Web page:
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A Lionís Share by Ruby Kennard takes place in the Black Hills of South Dakota, a rather unusual setting for a romance, and one which I enjoyed. Ms. Kennard does a better than credible job describing the scenery and life on a western ranch, but can love bloom and grow on the western plains?
Tamara Hansen has returned to her fatherís ranch, the Timberose Cattle Company in South Dakota, for the reading of his will and disposition of goods after his unexpected death. This was her home as a child, and she had loved it and adored her father. Unfortunately, her mother, a ballet star, didnít find life in South Dakota fulfilling. When Tamara was still a child, her mother left the wilds of the west for the wilds of New York City, taking Tamara with her. Although Tamara longed to live with her father, she found herself cut off totally. No letters came from home, no words of love or desire to see her. Instead, her father took in a half breed boy to live on the ranch. In Tamaraís mind, that boy, Cole Ransome, replaced her in her father's mind and heart. She came to hate him for it. Now she faces him as an adult.
Cole Ransome was taken in by Jake Hansen when he was a young orphan with nowhere else to go. Jake gave him love, stability, and instilled a love for the Timberose to match his love of the land. Cole loved Jake fiercely, and totally resents the women whom he perceives as hastening Jakeís illness and death by heart attack. He blames Leda, Jakeís former wife, for being a selfish, grasping woman who did nothing but cause Jake aggravation, and Tamara for ignoring and forgetting her father, even in his illness. When the two women arrive for the disposition of Jakeís will, he is less than polite. And he knows something about Jakeís will that the women donít.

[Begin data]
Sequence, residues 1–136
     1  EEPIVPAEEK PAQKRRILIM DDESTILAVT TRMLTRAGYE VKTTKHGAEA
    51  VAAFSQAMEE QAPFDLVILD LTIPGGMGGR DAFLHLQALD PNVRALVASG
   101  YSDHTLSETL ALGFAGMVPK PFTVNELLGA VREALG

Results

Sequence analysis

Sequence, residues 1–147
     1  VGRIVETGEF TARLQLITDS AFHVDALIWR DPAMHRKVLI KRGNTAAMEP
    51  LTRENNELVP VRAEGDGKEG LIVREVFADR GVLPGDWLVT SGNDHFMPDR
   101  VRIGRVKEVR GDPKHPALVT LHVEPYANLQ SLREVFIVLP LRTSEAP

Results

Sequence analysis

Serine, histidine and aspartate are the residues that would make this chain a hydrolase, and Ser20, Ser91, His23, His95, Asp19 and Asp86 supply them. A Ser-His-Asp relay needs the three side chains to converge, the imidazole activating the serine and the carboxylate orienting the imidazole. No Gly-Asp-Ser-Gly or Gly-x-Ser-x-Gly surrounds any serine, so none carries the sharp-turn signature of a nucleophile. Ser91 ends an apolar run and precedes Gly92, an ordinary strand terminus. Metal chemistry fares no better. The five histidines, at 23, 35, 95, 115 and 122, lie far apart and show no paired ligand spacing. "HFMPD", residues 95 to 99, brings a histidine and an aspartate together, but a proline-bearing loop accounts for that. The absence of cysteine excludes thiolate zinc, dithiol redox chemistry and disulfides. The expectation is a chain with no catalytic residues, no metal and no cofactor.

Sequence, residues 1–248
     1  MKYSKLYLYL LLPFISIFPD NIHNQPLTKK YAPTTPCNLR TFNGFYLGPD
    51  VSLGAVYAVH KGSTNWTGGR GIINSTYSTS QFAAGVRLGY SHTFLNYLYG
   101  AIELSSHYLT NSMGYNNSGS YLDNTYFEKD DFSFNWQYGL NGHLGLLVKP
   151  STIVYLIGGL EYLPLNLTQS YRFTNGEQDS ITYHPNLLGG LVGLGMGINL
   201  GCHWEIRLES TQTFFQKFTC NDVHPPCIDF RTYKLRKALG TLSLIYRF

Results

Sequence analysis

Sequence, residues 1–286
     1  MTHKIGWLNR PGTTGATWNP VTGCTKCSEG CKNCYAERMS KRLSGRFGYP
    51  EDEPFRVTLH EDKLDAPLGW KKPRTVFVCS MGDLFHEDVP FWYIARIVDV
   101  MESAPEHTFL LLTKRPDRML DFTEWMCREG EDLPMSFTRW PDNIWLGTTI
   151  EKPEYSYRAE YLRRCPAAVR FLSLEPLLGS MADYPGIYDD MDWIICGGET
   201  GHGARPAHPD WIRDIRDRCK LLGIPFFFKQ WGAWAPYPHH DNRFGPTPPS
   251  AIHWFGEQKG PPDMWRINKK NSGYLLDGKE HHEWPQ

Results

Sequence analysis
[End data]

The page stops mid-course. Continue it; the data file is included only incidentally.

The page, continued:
When itís revealed that Jake had made Cole a full partner in the ranch long before he died, and that he left his half of the business to Tamara, sparks fly. Cole wants to buy Tamara out. When he presents her with a more than fair offer, heís surprised and infuriated that she turns him down. Tamara is determined to stay on the ranch, the place she has held in her memory as ďhome.Ē
There are secondary stories. Cole and Tamara are pulled together by an inexplicable attraction they canít deny, then are pushed apart by the accidental conception of their child. There is a mountain lion encroaching on ranch land and killing stock, and there is a mystery related to illegal traps set on ranch property.
I liked the storyline of A Lionís Share very much. I enjoyed Coleís character and understood his actions more than I did Tamaraís. However, I did find that Coleís and Tamaraís characters became a little tiring after a point. This isnít a short book and I wanted them to come to grips with their feelings long before they did. The mystery of the traps on Timberose was handled well, while I found the mountain lion threat ended a little strangely. Being a romantic at heart, I was happy when Coleís emotional fences began to fall and Tamara came to trust him fully. This part of the story was beautifully handled by Ms. Kennard.
A Lionís Share is a good book that would have been improved with a little better editing, but a good story nonetheless. If you enjoy romance mixed with horses, the open spaces and the wide western sky, then give A Lionís Share a try.